One of the writers of the Watchmen movie revealed plans for a modern-day story with an alternate ending. David Hayter co-wrote the film and told Script Apart about some of the huge changes that occurred. Long ago, Paul Greengrass was tabbed to bring the Alan Moore and Dave Gibbons graphic novel to life. But, he departed before things got as far along as they did under Zack Snyder. In that earlier version, Nite Owl would end up saving the day by killing Ozymandias with the Owlship. Also, another big change would come from the heroes broadcasting an altered video that showed Doctor Manhattan as the one behind the attacks on major cities. If you toss in the fact that the movie would have taken place in the present-day instead of the 1980s, you’re dealing with an entirely different story.
“We knew it was going to be very difficult to do the ending of the book,” Hayter told the podcast. “Plus 9/11 had happened and I didn’t think we should have images of bodies in Times Square, I felt that was not appropriate. So that inspired me to say, people should just be blown to shadows, like the Hiroshima shadows that are painted in the comic book.”
Snyder has stepped up numerous times to defend his vision for the movie. In a previous interview, he tried to lay out his message as cleanly as possible.
“It’s just using elements that are in the comic book already, that’s the only thing I did. I would not have grabbed something from out of the air and said, ‘Oh, here’s a cool ending’ just because it’s cool,” Snyder said. “And that’s the problem with genre. That’s the problem with comic book movies and genre. And I believe that we’ve evolved — I believe that the audiences have evolved. I feel like Watchmen came out at sort of the height of the snarky Internet fanboy — like, when he had his biggest strength. And I think if that movie came out now — and this is just my opinion — because now that we’ve had Avengers and comic book culture is well established, I think people would realize that the movie is a satire. You know, the whole movie is a satire. It’s a genre-busting movie.”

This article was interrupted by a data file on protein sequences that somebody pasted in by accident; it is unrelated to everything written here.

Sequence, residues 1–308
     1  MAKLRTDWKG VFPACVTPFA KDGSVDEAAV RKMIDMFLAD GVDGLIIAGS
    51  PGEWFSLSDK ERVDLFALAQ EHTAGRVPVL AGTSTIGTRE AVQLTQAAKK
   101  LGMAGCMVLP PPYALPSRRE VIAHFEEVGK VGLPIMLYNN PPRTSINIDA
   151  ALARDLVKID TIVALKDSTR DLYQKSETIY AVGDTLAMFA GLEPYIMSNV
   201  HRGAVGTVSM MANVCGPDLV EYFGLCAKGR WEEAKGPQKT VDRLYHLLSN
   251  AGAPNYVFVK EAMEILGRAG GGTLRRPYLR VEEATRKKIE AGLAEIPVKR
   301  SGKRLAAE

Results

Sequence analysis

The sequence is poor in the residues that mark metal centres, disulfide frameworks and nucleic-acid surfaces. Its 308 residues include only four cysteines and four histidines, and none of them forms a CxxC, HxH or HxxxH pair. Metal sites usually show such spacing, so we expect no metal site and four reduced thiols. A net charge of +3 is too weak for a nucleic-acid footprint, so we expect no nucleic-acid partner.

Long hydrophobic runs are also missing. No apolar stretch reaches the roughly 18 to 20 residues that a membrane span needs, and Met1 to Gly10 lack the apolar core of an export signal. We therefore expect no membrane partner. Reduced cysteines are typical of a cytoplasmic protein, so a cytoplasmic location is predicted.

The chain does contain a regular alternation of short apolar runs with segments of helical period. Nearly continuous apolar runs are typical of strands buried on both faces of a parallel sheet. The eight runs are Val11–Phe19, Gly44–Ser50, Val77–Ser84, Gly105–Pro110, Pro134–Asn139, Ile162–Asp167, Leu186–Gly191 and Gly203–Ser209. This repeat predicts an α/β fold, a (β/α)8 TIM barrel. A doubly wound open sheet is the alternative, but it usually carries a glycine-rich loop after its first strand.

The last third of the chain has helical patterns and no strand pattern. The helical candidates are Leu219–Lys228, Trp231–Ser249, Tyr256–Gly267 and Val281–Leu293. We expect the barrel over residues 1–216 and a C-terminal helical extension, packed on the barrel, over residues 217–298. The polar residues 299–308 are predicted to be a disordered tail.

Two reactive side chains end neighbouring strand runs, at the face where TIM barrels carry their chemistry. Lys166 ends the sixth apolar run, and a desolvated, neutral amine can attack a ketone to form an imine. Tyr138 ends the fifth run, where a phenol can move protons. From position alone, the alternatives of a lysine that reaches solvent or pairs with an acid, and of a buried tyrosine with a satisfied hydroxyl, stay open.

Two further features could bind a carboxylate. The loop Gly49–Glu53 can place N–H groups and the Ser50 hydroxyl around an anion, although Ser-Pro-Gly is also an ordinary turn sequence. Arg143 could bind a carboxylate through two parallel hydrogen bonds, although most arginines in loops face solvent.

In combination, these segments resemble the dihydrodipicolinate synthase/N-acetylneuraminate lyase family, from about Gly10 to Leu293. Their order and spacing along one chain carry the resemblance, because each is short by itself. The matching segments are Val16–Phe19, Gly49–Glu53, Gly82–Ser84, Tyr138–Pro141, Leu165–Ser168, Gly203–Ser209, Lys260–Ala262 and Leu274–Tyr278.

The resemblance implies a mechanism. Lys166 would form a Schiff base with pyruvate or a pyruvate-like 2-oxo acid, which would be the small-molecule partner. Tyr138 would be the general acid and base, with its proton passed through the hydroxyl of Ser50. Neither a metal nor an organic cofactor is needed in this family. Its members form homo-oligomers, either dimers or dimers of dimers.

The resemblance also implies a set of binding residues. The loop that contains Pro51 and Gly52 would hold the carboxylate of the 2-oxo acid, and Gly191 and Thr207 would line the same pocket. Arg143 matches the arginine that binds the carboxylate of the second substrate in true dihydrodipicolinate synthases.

“The graphic novel was written to analyze the graphic novel — and comic books and the Cold War and politics and the place that comic books play in the mythology of pop culture,” he added. “I guess that’s what I’m getting at with the end of Watchmen — in the end, the most important thing with the end was that it tells the story of the graphic novel. The morality tale of the graphic novel is still told exactly as it was told in the graphic novel — I used slightly different devices. The Gilliam version, if you look at it, it has nothing to do with the idea that is the end of the graphic novel. And that’s the thing that I would go, ‘Well, then don’t do it.’ It doesn’t make any sense.”
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